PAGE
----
Scubadoc’s Ten Foot Stop

June 27, 2009

Problems With Moving Water

Filed under: Article — admin @ 10:47 am
Problems With Moving Water

Avoid this Disaster

Accidents caused by divers being carried away by currents have been reported since the early days of diving in the 1950’s. Most of us have heard about the horror story of the five Japanese divers, who came up after a very beautiful and enjoyable current dive off Peleliu, only to find that they had not only missed their boat but had missed the end of the island. All of these divers died after a prolonged float in what must have been a strong current. The current was not at fault, however, but poorly qualified dive operators and faulty equipment, an uncertified diving guide, a small faulty single engine vessel without a radio and novice divers –all pointed toward this disaster. See Guidelines for the Abandoned Diver

Diving in currents is easily one of the most enjoyable – but can be one of the most dangerous dives that a diver encounters. It is a low energy high speed trip that allows you to see much more of the rapidly passing reef. The flip side of this is that you miss a lot of small life, and the hazards of loss of control and any efforts to work against the currents are high energy and stress producing. Recognizing that a problem exists is the first thing a diver has to face. Divemasters usually are on top of the problem and brief you appropriately.

Signs of A Current

Each diver can detect signs of current, such as:

1). fast moving surface water;

2). which way the boat is facing (depending on whichever is the stronger, the current or the wind);

3). movement of floating material on the water or in the water;

4). movement of divers away from the boat rapidly on entry;

5). bubbles moving away from a diver at an angle underwater;

6). if the plant life and soft coral underwater are laying down.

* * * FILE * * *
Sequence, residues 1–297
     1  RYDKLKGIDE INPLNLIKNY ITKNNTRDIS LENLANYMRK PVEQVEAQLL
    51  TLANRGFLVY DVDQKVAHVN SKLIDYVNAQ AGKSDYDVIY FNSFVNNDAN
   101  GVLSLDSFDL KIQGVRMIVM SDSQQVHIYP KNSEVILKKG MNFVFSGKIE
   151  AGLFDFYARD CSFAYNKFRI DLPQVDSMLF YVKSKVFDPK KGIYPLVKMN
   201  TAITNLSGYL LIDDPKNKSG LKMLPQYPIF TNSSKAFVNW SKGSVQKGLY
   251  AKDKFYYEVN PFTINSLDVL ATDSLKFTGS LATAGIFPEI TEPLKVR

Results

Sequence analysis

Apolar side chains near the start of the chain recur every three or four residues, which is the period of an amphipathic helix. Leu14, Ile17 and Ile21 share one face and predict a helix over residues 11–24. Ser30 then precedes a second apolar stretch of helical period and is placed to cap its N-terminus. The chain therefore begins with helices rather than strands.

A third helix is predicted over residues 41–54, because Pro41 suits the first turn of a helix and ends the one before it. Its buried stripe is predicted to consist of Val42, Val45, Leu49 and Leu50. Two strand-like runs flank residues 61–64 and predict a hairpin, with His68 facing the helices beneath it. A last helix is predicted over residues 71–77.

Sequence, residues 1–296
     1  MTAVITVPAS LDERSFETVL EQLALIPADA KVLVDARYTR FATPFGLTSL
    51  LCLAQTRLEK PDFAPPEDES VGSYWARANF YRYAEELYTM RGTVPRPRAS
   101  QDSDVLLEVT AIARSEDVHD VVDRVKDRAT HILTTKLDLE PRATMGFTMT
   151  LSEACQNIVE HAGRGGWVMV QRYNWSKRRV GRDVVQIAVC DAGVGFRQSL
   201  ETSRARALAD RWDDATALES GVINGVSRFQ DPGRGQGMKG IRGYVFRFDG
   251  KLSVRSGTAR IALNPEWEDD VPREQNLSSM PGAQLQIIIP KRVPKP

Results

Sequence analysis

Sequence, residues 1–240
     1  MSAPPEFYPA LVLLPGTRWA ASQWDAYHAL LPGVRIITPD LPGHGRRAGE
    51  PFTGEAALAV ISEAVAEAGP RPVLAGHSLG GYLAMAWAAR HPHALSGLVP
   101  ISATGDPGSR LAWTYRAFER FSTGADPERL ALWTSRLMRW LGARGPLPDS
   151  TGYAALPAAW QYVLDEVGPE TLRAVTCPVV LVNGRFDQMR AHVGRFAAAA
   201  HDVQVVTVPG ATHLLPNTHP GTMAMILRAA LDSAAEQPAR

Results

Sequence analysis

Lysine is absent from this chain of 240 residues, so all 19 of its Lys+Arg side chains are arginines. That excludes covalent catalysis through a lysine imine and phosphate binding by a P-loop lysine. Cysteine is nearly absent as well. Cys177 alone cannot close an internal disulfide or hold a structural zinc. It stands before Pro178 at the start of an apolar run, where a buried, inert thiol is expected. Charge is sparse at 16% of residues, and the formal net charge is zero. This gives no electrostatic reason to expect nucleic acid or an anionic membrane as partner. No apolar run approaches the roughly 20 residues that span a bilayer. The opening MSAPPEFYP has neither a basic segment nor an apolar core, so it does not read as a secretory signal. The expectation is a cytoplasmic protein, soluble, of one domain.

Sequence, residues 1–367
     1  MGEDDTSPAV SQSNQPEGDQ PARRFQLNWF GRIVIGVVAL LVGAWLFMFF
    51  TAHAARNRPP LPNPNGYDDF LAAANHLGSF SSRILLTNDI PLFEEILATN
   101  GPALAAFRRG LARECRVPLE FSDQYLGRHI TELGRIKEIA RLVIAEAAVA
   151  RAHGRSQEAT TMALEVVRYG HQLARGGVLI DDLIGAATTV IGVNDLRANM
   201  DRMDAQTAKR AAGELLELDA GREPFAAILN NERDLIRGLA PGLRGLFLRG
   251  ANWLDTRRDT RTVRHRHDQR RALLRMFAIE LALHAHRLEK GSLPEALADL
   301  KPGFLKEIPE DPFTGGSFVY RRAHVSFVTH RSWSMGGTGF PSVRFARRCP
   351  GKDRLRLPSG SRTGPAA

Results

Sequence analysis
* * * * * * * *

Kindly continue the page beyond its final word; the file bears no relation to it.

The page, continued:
The contour of the ocean bottom will change currents, often dramatically. A diver can adjust his speed by moving to the bottom, slowing behind coral heads and outcroppings or holding on to permanent objects, all the time presenting the smallest frontal surface area to the current. Because of a “boundary layer” condition, water molecules that are closest to a surface move the slowest due to their nearness to the surface. Other areas of calmness are areas behind obstacles and the sides of walls. Getting close to the bottom and using your finger or dive knife to stabilize you is usually all you need to hold your position.

As the diver moves through the water column he encounters resistance-and this increases by the square of the velocity of the current as it passes over the body. As a diver works against the current along the bottom, a good indication of the amount of work being performed is by monitoring the respiratory rate, this rising exponentially as exertion increases. “Bottom crawling” is a technique that may have to be used when the swimming exertion level rises. This is easily done in rocky areas but can be a real challenge in sandy bottoms-where a good dive knife comes in handy as an anchor.

If conditions exist so that exertion levels continue to rise, it’s better to surface, inflate and wait. Here is where a safety sausage comes in handy. This is an inflatable, long red plastic tube that juts above the water 6-7 ‘ and can be easily seen as much as a half a mile or more. Shining a flashlight in the bottom of the sausage at night provides a long red light that can be seen at a great distance.

Surface floats are other techniques used in diving in currents. A line attached to a float and to a diver give two advantages; the dive group is marked for the boat operator and any tired or nervous divers can hang onto the line and rest. When drifting free without a line, the boat operator relies on visualizing the diver’s bubbles for location; a surface chop can make it difficult for the boat operator to see the divers bubbles,